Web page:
praenōmina are almost never used: notable exceptions are made to distinguish between the Gracchi brothers and to denote Sextus Pompey, who saw his father butchered on the beach in Egypt after Pharsalus and continued the struggle against the 2nd triumvirate till the mid-30s. (Rather confusingly, he adopted the name Magnus Pompeius Magnī fīlius Pius.) The Anglicized form Mark Antony is probably influenced by Shakespeare.

The choice between the various combinations of praenōmina, nōmina and cognōmina seems arbitrary, but is adhered to fairly rigidly in individual cases: the playwright Terence (P. Terentius Afer) is never called Terentius or Afer or Terentius Afer, whereas the great scholar Varro (M. Terentius Varro) is never called Terence, though he is occasionally Terentius Varro; to refer to Ovid as Naso or to Vergil as Maro is antiquated; to call Cicero Tully has long gone out of fashion, while Sallust (C. Sallustius Crispus) has never been known as Crispy, and M. Porcius Cato has always been known as Cato.

The emperor Augustus had a particularly complex name. He was born as C. Octāvius. As a child, he was given the cognōmen Thūrīnus, either because his family was from Thurii (in S. Italy) or because his father had defeated remnants of the partisans of Spartacus and Catiline there. On his adoption by his great-uncle, Julius Caesar, he became C. Iūlius C. f(īlius) Caesar Octāviānus. He himself never used the cognōmen Octāviānus, though he was so called by his contemporaries, and he is still known as Octavian if reference is being made to the period of his life before 27 BC, when he became Augustus. He also dropped Iūlius, preferring to have the cognōmen Caesar as his nōmen. After the deification of Julius Caesar, he restyled his name to C. Caesar Dīvī f. (i.e. “son of a god”). He preferred to use the further cognōmen Imperātor in the place of his praenōmen. When the Senate gave him the title Augustus, his name reached its definitive version, Imperātor Caesar Dīvī f. Augustus.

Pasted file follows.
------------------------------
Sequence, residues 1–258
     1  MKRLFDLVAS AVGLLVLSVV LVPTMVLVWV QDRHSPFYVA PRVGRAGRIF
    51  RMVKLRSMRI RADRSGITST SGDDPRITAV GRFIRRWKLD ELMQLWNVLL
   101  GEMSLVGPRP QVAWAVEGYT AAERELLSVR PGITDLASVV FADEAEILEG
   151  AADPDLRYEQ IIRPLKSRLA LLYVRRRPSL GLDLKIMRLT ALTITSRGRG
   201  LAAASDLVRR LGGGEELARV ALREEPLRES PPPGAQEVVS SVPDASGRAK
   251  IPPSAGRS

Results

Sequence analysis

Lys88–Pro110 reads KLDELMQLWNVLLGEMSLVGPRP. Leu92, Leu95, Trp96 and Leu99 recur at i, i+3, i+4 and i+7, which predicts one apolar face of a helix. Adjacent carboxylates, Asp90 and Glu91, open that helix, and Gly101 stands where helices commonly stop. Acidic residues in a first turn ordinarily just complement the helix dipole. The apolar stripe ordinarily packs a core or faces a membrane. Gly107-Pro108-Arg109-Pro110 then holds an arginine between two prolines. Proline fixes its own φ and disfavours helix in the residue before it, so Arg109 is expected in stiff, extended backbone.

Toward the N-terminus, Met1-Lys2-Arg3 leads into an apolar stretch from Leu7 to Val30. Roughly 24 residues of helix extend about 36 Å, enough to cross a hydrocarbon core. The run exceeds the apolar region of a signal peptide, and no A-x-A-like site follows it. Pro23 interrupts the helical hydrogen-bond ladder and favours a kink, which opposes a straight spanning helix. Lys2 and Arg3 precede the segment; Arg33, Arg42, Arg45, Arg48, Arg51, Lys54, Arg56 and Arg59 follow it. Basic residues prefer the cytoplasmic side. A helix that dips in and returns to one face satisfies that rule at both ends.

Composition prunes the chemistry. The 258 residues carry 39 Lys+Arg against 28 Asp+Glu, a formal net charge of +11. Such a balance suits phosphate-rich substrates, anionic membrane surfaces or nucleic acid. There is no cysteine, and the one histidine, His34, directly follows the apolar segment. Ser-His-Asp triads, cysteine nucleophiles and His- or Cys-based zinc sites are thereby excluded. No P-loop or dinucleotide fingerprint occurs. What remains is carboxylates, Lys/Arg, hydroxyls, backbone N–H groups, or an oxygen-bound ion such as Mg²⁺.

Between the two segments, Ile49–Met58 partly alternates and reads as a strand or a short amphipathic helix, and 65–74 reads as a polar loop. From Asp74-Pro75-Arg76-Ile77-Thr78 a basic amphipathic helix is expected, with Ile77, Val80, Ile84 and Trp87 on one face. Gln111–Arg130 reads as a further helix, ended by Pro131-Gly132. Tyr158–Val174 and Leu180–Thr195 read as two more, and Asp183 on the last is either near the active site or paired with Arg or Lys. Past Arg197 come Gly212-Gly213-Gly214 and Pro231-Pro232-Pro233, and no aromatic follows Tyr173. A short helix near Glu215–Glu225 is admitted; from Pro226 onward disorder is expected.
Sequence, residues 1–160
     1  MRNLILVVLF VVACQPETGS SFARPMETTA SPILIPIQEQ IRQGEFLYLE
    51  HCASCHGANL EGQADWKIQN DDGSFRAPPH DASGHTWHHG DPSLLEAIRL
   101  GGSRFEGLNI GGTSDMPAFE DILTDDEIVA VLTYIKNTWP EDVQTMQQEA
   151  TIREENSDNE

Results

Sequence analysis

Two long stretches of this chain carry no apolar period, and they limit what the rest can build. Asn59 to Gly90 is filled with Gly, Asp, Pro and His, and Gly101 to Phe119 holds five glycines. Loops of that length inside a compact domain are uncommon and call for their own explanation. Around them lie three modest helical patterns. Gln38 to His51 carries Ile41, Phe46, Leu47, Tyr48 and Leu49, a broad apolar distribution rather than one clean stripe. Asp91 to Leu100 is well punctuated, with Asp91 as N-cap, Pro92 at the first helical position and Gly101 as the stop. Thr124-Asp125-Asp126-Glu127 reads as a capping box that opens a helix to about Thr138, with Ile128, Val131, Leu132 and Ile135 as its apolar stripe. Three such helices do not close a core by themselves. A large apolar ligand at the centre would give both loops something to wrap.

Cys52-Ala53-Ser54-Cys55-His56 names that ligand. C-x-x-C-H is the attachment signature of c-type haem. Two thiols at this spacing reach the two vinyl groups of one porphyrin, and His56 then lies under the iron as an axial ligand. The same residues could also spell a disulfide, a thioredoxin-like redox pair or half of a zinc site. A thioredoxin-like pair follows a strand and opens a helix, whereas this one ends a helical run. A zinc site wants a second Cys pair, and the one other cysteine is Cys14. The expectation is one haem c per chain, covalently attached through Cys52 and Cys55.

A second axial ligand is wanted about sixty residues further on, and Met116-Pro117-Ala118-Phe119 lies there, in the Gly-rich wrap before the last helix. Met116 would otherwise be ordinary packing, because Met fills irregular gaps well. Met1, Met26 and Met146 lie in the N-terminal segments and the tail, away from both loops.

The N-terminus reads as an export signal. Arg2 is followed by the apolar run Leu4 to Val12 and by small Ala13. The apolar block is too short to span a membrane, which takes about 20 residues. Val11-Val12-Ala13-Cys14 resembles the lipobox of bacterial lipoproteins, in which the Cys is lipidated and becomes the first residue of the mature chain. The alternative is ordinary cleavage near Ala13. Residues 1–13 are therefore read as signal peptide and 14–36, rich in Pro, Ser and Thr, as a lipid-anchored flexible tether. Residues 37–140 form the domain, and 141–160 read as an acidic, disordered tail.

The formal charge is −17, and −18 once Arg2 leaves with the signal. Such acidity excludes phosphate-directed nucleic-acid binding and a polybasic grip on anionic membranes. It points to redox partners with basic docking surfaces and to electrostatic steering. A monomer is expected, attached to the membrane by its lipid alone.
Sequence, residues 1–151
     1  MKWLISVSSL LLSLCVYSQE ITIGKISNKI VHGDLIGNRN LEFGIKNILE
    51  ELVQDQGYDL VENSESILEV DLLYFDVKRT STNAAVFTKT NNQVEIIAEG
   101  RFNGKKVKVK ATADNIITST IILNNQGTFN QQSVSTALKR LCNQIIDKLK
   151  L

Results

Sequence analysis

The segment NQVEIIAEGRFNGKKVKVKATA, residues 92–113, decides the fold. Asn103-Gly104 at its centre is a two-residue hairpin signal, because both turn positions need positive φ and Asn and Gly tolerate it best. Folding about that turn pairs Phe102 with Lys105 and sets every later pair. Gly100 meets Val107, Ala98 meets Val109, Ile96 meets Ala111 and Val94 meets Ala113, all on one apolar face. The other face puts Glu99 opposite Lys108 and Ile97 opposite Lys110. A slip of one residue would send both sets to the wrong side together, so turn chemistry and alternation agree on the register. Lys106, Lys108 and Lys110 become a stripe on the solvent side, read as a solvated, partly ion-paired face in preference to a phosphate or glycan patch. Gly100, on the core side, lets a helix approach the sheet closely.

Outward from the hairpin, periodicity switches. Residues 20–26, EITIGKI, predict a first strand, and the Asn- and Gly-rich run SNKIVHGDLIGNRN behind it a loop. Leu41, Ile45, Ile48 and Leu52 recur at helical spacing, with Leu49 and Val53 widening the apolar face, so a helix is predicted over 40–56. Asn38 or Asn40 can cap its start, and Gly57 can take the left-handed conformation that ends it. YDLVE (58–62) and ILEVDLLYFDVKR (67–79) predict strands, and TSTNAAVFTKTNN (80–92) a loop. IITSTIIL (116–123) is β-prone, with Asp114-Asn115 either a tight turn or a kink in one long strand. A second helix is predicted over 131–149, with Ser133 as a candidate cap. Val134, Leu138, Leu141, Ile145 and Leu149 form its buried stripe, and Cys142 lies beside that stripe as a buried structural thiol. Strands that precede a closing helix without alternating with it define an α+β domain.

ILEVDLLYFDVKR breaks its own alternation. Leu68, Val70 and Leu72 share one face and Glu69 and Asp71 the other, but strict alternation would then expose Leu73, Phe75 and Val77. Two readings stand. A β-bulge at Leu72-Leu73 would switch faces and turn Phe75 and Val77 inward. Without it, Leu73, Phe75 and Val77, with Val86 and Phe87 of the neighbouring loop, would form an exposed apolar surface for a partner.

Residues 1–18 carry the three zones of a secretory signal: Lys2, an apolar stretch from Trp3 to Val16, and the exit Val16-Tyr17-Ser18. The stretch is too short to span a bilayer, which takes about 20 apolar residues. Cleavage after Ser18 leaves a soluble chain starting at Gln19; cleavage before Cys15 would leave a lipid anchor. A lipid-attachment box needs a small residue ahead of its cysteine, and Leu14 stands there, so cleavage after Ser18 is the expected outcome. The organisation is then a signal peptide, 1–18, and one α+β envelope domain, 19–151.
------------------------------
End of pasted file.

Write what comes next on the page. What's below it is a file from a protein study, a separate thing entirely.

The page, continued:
One Greek source suggests that Augustus initially had the cognōmen Caepiās (perhaps from caepa, -ae fem. 1 “onion” [cf. e.g. Cicero from cicer, ciceris neut. 3 “chick-pea”, Pīsō from Pīsum, -ī neut. 2 “pea”]; Caepiō, presumably cognate, occurs quite frequently as a cognōmen, and was for a time the official nōmen of M. Junius Brutus, the most prominent of Caesar’s murderers).